Candace Campo on her Talking Trees tour in Porpoise Bay Provincial Park.

A Narrated Aerial Tour Through the Sunshine Coast’s Indigenous History and Culture

I gaze down at the shoreline fringe of the Sunshine Coast, where the long fingers of the Sechelt, Salmon, and Narrows inlets splay out from the Strait of Georgia. Below the airplane, the Agamemnon Channel meets the Skookumchuck Narrows. Lois Lake is a placid arc to the north. Nelson and Texada islands come into view, viridescent.

I’m on the Talaysay Land, Sea & Air Audio Tour, listening to Candace Campo’s voice. Her soft lilt is hypnotic. I hear stl’íxwim (Narrows Inlet), skúpa (Salmon Inlet), lékw’émin (Jervis Inlet), sxwélap (Thormanby Island), and I feel like I’m flying, not only over the here-and-now but also back through time to when this world was created. Local legends, sea creatures, and wildlife come alive through Campo, a member of the shíshálh (Sechelt) Nation.

Launched in 2023 with Sunshine Coast Air, the hour-long flightseeing tour is enriched by the cultural-historical perspective and narration of an Indigenous person. Campo, whose ancestral name xets’emits’a translates to “to always be there,” knows the topography like the palm of her hand. She was born here, at the head of Porpoise Bay. “I felt like the most fortunate kid in the world,” she says, “because I spent every day of the summer with my father, and we fished all summer.” They fished—herring in the spring, salmon in the late summer—in Sechelt Inlet, where the plane takes off, and dug for cockles and clams at low tide. “It was a good life.”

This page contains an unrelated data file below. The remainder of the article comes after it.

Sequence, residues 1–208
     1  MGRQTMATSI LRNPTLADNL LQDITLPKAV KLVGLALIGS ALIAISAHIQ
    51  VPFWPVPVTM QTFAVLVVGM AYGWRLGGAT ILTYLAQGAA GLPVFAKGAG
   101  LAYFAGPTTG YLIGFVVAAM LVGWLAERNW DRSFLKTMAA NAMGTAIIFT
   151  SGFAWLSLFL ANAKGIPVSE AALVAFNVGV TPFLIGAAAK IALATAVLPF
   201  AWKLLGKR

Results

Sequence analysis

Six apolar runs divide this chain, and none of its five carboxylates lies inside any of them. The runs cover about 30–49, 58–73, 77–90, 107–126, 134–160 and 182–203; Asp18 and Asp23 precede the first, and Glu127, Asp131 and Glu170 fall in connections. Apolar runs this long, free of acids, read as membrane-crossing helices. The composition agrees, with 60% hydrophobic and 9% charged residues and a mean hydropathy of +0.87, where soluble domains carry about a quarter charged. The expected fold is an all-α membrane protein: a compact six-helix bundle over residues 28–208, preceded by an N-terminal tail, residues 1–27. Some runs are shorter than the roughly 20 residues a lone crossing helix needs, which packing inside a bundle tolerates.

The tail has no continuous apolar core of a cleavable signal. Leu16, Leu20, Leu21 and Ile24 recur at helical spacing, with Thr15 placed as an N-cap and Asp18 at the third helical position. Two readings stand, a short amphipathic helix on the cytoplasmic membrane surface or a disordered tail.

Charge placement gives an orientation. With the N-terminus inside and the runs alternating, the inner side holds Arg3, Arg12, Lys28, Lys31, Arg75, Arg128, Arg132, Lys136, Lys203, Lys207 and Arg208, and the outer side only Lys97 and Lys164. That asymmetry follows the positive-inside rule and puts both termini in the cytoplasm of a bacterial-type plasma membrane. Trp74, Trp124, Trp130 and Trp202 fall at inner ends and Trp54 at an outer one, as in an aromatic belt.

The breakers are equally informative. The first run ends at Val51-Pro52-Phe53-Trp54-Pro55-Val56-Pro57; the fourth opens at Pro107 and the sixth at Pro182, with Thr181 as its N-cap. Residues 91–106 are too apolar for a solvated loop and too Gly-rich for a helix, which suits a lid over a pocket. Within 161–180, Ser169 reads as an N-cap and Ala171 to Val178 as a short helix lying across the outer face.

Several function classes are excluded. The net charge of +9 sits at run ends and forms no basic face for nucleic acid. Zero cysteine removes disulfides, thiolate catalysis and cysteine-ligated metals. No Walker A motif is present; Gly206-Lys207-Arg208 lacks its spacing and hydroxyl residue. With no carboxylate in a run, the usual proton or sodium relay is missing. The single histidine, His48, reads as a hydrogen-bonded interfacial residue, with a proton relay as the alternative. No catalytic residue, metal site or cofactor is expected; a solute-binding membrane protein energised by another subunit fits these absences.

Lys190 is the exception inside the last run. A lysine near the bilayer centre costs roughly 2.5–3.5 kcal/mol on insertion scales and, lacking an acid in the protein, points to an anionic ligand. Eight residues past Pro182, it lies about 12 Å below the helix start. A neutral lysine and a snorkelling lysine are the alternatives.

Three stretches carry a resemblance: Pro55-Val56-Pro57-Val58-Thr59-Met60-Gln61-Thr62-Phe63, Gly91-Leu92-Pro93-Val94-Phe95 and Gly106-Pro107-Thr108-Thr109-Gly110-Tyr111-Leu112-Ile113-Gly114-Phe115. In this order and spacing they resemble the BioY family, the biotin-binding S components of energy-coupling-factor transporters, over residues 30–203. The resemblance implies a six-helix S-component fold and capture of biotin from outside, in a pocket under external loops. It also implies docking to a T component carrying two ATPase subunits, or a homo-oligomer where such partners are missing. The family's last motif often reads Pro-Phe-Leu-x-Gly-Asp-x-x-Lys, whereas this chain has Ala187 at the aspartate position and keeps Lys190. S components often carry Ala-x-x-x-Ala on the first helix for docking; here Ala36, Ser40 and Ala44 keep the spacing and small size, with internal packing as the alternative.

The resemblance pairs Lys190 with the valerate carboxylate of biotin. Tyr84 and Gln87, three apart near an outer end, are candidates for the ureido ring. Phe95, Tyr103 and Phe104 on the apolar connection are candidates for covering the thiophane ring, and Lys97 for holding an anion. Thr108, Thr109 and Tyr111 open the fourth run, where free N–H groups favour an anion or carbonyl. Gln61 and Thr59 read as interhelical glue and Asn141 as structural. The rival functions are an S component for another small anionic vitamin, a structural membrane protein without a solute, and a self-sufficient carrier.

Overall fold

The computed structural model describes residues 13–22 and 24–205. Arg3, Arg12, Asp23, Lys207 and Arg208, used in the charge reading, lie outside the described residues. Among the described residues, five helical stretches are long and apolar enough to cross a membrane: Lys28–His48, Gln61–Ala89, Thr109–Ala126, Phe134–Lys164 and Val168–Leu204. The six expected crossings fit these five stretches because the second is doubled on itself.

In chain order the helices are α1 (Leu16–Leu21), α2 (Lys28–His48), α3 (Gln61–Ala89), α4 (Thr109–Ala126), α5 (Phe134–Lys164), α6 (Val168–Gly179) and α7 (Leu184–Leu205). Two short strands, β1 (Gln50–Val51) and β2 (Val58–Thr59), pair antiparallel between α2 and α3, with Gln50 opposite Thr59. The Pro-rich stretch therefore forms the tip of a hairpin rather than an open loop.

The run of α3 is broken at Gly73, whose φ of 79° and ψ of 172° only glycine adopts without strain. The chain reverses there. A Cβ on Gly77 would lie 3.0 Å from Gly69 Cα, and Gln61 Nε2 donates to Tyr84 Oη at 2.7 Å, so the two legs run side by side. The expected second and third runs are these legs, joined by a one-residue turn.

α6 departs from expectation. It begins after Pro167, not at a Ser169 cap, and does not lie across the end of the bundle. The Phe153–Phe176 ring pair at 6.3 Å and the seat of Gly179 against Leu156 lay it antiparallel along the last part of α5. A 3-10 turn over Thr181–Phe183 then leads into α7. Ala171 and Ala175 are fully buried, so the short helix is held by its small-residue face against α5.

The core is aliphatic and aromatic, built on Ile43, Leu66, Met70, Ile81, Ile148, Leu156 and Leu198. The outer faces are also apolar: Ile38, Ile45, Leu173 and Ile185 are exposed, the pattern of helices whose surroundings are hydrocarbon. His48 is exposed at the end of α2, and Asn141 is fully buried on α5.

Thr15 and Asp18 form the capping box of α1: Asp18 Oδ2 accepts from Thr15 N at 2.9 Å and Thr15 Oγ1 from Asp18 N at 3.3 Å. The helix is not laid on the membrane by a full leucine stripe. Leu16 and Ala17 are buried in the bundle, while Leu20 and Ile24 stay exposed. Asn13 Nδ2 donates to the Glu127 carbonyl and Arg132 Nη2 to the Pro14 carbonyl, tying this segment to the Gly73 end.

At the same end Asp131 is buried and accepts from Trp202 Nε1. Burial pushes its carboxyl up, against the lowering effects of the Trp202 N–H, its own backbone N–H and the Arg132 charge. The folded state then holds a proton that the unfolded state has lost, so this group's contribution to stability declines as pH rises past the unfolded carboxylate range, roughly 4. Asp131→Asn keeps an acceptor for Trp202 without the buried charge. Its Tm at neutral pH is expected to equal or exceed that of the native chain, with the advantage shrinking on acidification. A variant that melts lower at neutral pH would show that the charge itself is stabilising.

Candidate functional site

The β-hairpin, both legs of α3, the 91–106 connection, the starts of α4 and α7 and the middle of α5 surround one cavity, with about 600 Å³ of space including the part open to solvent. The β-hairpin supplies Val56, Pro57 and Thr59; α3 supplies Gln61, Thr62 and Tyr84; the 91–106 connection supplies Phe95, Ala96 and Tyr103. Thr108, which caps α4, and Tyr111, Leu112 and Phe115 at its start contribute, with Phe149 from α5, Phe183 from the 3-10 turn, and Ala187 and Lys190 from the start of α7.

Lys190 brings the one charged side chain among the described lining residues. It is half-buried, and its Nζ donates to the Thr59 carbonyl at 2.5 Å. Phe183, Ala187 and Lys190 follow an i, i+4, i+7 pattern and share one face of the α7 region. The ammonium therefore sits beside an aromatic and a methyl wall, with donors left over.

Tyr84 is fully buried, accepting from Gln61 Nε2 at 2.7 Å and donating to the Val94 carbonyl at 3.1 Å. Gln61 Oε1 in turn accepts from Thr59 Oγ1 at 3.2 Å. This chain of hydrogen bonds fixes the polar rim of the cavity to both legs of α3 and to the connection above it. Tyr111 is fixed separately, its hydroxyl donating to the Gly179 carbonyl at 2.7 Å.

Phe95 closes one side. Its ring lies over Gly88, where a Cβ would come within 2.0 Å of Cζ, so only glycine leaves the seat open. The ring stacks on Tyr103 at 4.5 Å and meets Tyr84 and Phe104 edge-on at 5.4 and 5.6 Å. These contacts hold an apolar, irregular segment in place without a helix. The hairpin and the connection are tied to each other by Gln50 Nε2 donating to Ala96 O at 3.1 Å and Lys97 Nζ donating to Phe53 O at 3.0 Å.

Aerial view up Salmon Inlet from Sechelt Inlet.

She founded Talaysay Tours in 2002 and is known for her inspiring Talking Trees tour, which introduces visitors to Indigenous knowledge and connection to nature. Campo started her career as a kayaking guide—and still loves getting out on the water whenever she can—but her goal is to educate, train, and support the next generation, sharing her expertise in the business of tourism while also revitalizing and reclaiming Indigenous culture.

Candace Campo in the floatplane.

Beyond the flightseeing tour, she’s developed an app that lets anybody access her tours from a smartphone. Generations of oral history and teachings are shared using a location-based video player and interactive map, allowing anyone, anytime, to explore the Talking Trees and Talking Totems tours. It’s revelatory to hear Campo’s take on the land, history, art, and culture while walking with her where her ancestors have lived for thousands of years.

After leaving the floatplane, Campo takes me on a walking tour in Porpoise Bay Provincial Park, showing me the land from the ground now instead of from the air. Her close friend and colleague, Richard Till, joins us. The Elders have given him the name smanit stumish—Mountain Man—and he has guided with Campo for more than 27 years. He’s not Indigenous, but Campo’s aunt took him under her wing and shared the stories of the places where he canoed and hiked on the Sunshine Coast.

Flying over Skookumchuck Narrows.

Today, Till works with Campo to pass on that knowledge to young people, training them as guides and cultural ambassadors for Talaysay Tours. Till says, “The Elders fuelled, inspired, and actuated all the programming we did over the years. Plant-use technologies, ethnobotany, ethnoecology all came from the Elders, who went up and down the coast and gathered the info.”

But it goes beyond that. “It’s more than land-based learning,” says Till, “because what we’re doing is reconnecting people to land and culture through the stories of each family.” He speaks plainly about learning to “decolonize his mind and heart” and look at things differently from how he was raised, in an extractive society based on commodity and subjugation.